This could also play into the weaknesses of the protagonist in terms of facing their own past and methods of coping, and could provide that protagonist with even more opportunities to grow.
     
  6. Seira

    Seira Minstrel

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    I know very little about your story but could his main opponent be himself? You could focus on internal conflict.
    Or maybe the weather. Is he willingly isolated or not? If not, who is isolating him?

    More information on your plot would probably be useful to us.
     
  7. Helen

    Helen Sage

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    Reminds me of stories where characters are shipwrecked and the simple thought of the arrival of enemies (e.g. pirates, even people willing to take the character back home) become the opponent. Ominous unseen actions (scarecrows appearing, a sudden dead person, etc) are also good.
     
  8. KJF

    KJF Acolyte

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    I might ask what created or drove the abuse? Maybe (probably) whatever that was is still active in the world and gets expressed as new obstacles for the protagonist. Even poverty and desperate circumstances have roots and that can be the opponent. Maybe they are just fighting an oppressive situation.
     
  9. FifthView

    FifthView Istar

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    Your original post was too vague for me, so I can't offer any targeted, specific suggestions.

    I don't know much about the world, the local milieu of the protagonist, or the lives of the two lovebirds, so this limits my answer.

    In general, I think you could start looking at these areas and try to find opposition that also fits within that setting. For instance, what is your protagonist's occupation? What is the love interest's occupation? Why aren't these two individuals already in a solid relationship? Our lives are rather complex, as are our backstories and mental/emotional states, so I think there might be natural obstacles to the relationship. In Romeo and Juliet, it's the background conflict between the families that causes problems for them—not the fact that anyone else in those families is working directly against them. The same thing could be true of your two lovebirds. Is one an indentured servant who needs to work off a massive debt before they can have the freedom to build a home for themselves? Is war looming, and all able-bodied citizens are being called up to form militias, and this prevents being able to form that relationship? Does one have a curse that must be removed first?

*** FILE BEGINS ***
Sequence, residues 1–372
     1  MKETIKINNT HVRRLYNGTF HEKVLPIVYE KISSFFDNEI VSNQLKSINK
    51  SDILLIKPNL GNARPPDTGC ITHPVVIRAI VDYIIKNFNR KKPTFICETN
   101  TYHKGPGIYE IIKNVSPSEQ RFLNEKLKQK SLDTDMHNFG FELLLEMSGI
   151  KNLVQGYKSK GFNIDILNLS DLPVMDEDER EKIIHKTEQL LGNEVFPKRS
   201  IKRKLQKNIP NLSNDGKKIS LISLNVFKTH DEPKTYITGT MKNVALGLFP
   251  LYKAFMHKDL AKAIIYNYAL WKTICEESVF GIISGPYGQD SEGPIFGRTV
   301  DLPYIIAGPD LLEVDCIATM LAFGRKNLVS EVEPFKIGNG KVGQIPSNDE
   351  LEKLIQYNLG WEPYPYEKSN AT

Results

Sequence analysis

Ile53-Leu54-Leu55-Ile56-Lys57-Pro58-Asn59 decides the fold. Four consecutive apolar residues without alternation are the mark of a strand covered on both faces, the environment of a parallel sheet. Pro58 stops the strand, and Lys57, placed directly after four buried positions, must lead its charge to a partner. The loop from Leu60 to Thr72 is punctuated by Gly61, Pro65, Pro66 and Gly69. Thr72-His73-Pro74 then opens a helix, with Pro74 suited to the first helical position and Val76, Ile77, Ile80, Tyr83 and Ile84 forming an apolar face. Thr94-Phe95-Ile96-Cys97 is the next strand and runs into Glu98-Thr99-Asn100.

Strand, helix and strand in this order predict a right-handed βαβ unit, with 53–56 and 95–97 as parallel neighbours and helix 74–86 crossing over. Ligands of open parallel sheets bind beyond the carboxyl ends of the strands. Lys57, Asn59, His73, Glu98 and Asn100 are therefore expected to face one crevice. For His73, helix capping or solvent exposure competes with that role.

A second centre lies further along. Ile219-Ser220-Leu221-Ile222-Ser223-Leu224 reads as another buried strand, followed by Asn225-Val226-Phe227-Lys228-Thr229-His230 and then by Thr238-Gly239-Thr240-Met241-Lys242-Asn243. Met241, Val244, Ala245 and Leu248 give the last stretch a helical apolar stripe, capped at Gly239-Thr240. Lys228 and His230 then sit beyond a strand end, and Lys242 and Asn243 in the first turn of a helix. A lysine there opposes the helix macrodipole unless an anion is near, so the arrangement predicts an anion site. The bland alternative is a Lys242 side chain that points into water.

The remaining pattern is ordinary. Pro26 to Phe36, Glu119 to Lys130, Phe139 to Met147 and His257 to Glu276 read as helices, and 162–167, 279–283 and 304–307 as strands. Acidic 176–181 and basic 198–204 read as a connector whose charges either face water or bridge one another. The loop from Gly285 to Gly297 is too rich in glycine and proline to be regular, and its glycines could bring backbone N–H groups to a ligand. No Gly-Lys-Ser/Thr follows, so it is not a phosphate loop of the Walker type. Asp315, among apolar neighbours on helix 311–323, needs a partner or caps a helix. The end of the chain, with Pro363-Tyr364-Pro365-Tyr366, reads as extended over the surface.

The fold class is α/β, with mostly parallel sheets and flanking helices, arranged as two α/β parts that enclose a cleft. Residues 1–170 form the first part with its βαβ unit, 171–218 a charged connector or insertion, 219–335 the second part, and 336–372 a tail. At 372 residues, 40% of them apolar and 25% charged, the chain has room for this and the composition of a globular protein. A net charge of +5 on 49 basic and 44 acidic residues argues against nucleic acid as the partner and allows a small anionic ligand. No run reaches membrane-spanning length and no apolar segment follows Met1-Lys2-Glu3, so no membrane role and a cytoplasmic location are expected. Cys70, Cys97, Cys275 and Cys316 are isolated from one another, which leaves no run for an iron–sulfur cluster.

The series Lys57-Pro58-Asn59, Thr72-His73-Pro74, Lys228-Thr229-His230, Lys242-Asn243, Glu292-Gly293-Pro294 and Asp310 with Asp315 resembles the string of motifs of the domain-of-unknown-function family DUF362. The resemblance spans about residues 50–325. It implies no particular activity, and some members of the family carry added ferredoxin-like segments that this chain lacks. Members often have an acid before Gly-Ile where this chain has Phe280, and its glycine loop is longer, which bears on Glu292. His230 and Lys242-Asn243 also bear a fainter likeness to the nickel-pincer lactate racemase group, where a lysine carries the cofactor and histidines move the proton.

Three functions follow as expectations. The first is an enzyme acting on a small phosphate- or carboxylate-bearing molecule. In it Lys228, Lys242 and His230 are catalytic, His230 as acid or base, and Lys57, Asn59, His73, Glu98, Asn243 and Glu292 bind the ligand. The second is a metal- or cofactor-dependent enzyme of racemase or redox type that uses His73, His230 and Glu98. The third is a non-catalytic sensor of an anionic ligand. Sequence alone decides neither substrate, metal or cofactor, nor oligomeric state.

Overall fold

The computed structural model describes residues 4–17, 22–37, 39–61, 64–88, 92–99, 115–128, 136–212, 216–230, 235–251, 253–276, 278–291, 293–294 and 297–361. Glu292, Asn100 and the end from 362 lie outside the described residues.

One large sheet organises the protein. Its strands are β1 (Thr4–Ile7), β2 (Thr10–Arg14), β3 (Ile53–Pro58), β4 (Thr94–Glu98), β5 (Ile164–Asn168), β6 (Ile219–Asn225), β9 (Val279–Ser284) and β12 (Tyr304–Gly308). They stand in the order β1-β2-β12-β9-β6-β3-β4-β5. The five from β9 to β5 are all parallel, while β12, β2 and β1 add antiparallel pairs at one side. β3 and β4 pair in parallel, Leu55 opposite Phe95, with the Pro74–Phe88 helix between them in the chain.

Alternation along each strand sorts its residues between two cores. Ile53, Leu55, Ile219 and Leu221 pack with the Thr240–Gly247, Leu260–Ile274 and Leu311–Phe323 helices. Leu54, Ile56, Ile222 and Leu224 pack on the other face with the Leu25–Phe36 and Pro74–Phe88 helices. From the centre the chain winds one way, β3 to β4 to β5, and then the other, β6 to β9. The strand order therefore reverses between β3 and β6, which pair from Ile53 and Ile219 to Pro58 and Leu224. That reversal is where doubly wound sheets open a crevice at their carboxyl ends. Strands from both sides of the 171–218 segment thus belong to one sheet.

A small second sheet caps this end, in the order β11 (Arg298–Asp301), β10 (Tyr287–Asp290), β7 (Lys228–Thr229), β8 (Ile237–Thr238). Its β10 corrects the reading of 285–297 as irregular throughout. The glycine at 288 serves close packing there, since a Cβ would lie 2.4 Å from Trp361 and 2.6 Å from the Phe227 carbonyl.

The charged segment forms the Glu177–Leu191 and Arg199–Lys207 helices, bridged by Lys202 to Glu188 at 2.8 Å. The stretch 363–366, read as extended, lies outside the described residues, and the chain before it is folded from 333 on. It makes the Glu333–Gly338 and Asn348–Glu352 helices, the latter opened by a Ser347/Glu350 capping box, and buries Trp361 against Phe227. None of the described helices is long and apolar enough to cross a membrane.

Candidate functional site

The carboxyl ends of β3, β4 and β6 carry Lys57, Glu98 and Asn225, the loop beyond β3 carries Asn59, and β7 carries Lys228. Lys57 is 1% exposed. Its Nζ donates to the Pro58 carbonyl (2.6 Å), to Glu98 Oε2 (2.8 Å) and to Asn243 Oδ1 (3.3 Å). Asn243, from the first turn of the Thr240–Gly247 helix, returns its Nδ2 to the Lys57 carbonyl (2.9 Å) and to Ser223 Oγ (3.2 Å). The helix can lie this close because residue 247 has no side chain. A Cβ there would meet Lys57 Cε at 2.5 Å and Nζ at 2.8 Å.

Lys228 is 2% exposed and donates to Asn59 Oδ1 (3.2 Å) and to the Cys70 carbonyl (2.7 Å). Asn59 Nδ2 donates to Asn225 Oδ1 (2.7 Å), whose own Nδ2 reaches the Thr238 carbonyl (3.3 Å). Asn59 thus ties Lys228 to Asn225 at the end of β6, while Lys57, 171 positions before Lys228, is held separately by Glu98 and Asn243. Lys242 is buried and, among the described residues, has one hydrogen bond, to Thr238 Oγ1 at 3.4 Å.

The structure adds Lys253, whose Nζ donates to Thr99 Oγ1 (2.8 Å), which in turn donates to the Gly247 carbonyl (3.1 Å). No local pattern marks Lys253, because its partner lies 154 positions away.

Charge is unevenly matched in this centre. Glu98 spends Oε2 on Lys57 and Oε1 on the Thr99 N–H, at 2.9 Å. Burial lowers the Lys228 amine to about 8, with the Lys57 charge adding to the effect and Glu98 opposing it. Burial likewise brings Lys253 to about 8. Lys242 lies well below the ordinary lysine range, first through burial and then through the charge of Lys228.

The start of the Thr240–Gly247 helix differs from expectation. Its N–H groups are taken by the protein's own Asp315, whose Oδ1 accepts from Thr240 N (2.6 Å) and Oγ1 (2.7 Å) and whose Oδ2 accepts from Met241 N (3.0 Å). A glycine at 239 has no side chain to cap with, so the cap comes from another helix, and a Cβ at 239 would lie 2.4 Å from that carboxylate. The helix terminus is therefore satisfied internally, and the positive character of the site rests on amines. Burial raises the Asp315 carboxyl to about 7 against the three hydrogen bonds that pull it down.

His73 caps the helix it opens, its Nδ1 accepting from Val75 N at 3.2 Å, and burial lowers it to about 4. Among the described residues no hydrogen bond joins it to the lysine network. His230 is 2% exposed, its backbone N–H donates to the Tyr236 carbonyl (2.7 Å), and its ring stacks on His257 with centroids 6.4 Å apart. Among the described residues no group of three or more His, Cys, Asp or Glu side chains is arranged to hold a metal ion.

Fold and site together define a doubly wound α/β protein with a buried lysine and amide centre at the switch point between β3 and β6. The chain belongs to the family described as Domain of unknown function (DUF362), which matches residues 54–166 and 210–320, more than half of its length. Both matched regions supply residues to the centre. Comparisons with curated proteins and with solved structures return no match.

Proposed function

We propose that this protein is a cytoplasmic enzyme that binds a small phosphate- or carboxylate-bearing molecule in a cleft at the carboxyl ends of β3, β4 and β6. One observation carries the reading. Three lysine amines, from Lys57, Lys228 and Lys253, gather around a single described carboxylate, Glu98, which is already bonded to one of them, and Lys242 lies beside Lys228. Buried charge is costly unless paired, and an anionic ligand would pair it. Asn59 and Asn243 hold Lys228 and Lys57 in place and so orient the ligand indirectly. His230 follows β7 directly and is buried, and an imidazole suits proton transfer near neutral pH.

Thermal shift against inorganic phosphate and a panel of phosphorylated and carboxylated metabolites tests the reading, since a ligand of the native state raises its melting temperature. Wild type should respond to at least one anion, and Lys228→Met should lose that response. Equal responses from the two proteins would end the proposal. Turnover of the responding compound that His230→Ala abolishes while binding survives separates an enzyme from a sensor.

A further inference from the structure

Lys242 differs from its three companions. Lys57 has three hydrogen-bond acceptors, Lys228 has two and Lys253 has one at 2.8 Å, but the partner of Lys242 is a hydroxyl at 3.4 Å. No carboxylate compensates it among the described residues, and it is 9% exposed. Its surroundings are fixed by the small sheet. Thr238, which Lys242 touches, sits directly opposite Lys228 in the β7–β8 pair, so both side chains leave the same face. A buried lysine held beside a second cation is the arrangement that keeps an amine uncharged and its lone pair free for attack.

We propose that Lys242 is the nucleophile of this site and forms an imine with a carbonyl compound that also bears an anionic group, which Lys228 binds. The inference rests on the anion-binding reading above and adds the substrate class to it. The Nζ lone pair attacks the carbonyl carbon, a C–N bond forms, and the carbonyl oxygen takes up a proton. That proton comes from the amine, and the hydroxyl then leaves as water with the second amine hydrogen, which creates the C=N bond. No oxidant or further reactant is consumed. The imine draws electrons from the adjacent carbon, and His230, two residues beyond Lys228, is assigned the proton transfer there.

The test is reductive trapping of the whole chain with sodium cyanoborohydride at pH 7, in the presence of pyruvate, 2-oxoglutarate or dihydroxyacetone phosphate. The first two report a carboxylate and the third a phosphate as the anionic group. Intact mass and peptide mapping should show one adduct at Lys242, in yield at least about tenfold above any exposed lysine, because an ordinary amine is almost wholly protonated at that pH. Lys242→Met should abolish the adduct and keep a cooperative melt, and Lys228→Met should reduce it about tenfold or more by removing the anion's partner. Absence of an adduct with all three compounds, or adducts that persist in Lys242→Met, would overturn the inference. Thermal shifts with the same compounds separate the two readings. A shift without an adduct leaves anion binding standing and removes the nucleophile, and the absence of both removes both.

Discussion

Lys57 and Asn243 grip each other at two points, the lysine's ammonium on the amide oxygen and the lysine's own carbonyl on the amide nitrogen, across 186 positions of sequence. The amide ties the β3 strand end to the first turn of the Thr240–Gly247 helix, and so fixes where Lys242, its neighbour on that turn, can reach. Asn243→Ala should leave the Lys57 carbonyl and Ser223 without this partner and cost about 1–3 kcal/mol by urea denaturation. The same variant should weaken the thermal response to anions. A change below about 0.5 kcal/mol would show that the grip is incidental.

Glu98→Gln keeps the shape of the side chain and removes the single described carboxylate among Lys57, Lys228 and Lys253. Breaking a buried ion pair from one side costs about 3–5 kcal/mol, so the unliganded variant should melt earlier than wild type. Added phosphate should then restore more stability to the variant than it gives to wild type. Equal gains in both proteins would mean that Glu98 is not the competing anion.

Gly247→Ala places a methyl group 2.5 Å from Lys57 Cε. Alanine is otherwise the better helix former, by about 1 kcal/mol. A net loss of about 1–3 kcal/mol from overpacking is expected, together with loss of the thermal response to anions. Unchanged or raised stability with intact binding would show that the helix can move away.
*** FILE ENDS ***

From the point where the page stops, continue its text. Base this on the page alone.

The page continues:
There are any number of situations that can act as obstacles to the happily-ever-after for these two characters, and because of this you might have some choices about who in their environment is working against them. The opponent might not even care a whit about their relationship, might not even know about it or think of them much at all, but be doing things or requiring things and putting too much pressure on them, forcing them to deal with that situation. You can have an opponent who more or less embodies that general exterior conflict. It could even be a friend or family member putting pressure on the protagonist, someone who has too much control over the protagonist's life or the locality.
     
  10. Black Dragon

    Black Dragon Staff Administrator

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    I know next to nothing about the polyamorous lifestyle, so take what I'm saying with a grain of salt. My suspicion would be, however, that even individuals who consciously choose to be polyamorous still deal with the same basic human emotions that the rest of us do, including jealously. I also imagine that it's not entirely unheard of for a polyamorous individual - at some point - to want the love interest to value them above all others... or to love them alone. So, that could be part of the dynamics in your story. Polyamorous or not, jealousy is a part of the the human conditions, and that could fuel an antagonistic relationship, even when people consciously choose otherwise.